The reaction to today’s announcement from David Cameron that an incoming Conservative government would seek to slice off 10% of MPs has been understandably suspicious. After all, the Tories don’t have a great track record with electoral reform: in government the party preserved university seats and business votes and fought against universal suffrage. And the words ‘gerrymandering’ and ‘Dame Shirley Porter’ go together like the words ‘homeless’ and ‘asbestos-ridden tower block’. The Guardian’s article (linked above) is suitably sceptical, while even the Cameron-hugging Evening Standard rather damningly starts its article with the sentence
David Cameron will cut 60 Commons seats and redraw the political map to give the Tories more chance of winning elections [my italics], he revealed today.
And that was my first reaction to the news as well, with a lot of talk about allegedly over-represented Labour heartlands in inner-cities and Wales seeing their seat numbers slashed. Obviously that would be to Labour’s disadvantage, but the reality is a lot more complex than that. If this is gerrymandering, then it’s a remarkably cack-handed attempt at it.
The Animal started off by looking at the 65 seats (the Standard says 60 will go, but that isn’t 10% of seats) with the lowest populations. As Scotland is apparently exempt from the Cameron axe (and following the 2001 post-devolution revisions has very few small seats anyway outside the Highlands and islands), English and Welsh seats are going to have to take the full brunt of the cuts. I’m also assuming that Cameron isn’t going to be suicidal enough to start re-drawing Northern Irish boundaries. And yes, the most recent data – available here – does show that just a handful of Tory-held seats would be affected. So it’s straight-forward gerrymandering, isn’t it? Er, no actually.
The next General Election will be fought on hugely revised boundaries – and part of the reason for these revisions was the Boundary Commission‘s aim of, as far as possible, equalising constituency sizes. The Commission has had a limited level of success in this respect, but it has certainly had significant success in mixing up the list of smallest constituencies. Population estimates for the new constituencies are available in this House of Commons publication, with the excellent UK Polling Report website provides notional 2005 general election results for the new constituencies. Combining these, the nature of the 65 new smallest constituencies are as below:
|Party||Number of ‘small’ seats held in England & Wales||% of ‘small’ seats held||% of all seats in England and Wales held|
Suddenly, slashing 65 seats doesn’t look such a good idea for the Tories: yes, the cuts will fall slightly disproportionately on Labour, and only just under half (32) are in Wales – indeed the 12 smallest new seats are all across Offa’s Dyke. The people who ought to be really worried about this are not Labour, but Plaid Cymru, all three of whose seats are high on the cut list (at positions 3, 5 & 7). Now there’s always been a suspicion that the provision of a couple of safe Plaid seats in Y Fro Gymraeg was a bit of a sop to keep nationalist sentiment in check, although the official justification is of course the low population density. However, a real slash and burn of Welsh seats would probably reduce the party to 1 ‘guaranteed’ seat from the current 3 safe seats and two very tight marginals which could easily fall to them. It’s just a thought that Plaid – who are almost certain to have 5 MPs after the next election – might want to bear in mind if it has to decide where to throw its support in a hung parliament.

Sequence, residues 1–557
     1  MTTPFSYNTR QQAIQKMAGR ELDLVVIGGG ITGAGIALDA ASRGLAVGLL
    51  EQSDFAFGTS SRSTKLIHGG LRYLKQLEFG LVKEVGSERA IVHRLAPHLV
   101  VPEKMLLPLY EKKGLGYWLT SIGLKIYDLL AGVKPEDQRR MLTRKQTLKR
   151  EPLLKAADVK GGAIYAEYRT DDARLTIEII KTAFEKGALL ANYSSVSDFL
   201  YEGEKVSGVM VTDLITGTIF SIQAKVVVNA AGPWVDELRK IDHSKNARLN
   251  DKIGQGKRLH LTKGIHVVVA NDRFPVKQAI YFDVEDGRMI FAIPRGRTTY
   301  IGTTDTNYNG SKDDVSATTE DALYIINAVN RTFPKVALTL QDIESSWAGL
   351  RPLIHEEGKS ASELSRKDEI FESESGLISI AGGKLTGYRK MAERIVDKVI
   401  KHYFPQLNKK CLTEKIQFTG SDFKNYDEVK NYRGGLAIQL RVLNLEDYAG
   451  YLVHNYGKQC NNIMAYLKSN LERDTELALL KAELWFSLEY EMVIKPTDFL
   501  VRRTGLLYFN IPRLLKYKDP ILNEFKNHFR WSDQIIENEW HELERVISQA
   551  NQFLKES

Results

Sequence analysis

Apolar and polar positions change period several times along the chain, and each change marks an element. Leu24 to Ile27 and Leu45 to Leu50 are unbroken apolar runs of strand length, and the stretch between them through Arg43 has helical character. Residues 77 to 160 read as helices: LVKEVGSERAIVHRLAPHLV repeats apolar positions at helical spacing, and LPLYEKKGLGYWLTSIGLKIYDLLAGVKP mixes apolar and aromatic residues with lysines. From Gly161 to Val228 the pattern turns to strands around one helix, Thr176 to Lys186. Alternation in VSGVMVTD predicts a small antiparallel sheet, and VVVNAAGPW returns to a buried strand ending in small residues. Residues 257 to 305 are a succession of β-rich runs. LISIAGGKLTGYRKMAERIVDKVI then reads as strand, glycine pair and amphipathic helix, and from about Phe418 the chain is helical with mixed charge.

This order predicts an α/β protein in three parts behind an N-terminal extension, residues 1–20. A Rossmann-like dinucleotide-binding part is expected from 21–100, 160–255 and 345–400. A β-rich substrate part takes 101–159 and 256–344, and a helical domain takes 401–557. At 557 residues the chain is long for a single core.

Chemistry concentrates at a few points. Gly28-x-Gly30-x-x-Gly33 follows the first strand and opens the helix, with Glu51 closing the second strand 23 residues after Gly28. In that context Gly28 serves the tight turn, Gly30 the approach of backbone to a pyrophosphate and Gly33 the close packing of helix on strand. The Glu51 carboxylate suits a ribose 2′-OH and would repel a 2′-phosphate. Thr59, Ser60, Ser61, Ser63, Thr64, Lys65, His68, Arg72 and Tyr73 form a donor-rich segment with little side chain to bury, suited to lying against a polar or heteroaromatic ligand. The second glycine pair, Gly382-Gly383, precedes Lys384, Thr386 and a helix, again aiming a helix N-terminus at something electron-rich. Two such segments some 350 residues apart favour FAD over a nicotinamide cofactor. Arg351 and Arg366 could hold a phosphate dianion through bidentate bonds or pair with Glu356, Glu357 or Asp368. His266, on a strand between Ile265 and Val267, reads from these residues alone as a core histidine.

However, the real story about the new boundaries is just how many Tory seats now fall withing the lowest decile of population size. Broadly speaking, the Boundary Commission has succeeded in merging under-populated inner-city seats, thus removing them from the Tory firing line: using a pretty generous definition of ‘inner city’, it’s hard to find more than 9 seats in the list that qualify, with just two of these (both Dudley seats) in the big English metropolitan areas. London has just two seats in the list, the Tory-held marginal of leafy Putney and the safe Tory outer London seat of Chingford and Woodford Green. In fact, of the five largest seats in the country, four are pretty safe Labour-held London seats. On this measure, rural English seats are even more prone to over-representation (there are around 11 of these on the list), although this of course fits less neatly into the Tory narrative of a Labour-gerrymandered electoral system.